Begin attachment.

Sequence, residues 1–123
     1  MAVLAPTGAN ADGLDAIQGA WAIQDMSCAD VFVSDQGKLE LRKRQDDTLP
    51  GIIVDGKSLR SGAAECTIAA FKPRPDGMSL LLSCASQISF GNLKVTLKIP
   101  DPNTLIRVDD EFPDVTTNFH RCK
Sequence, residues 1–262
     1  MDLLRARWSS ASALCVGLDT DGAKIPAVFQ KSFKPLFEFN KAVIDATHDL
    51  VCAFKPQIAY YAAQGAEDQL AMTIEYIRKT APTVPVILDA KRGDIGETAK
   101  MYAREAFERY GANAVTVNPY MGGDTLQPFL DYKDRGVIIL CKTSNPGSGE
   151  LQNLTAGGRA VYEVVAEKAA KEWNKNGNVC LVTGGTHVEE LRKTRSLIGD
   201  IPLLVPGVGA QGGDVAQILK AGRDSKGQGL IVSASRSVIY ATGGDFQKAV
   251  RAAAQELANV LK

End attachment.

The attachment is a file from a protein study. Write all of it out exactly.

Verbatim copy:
Sequence, residues 1–123
     1  MAVLAPTGAN ADGLDAIQGA WAIQDMSCAD VFVSDQGKLE LRKRQDDTLP
    51  GIIVDGKSLR SGAAECTIAA FKPRPDGMSL LLSCASQISF GNLKVTLKIP
   101  DPNTLIRVDD EFPDVTTNFH RCK
Sequence, residues 1–262
     1  MDLLRARWSS ASALCVGLDT DGAKIPAVFQ KSFKPLFEFN KAVIDATHDL
    51  VCAFKPQIAY YAAQGAEDQL AMTIEYIRKT APTVPVILDA KRGDIGETAK
   101  MYAREAFERY GANAVTVNPY MGGDTLQPFL DYKDRGVIIL CKTSNPGSGE
   151  LQNLTAGGRA VYEVVAEKAA KEWNKNGNVC LVTGGTHVEE LRKTRSLIGD
   201  IPLLVPGVGA QGGDVAQILK AGRDSKGQGL IVSASRSVIY ATGGDFQKAV
   251  RAAAQELANV LK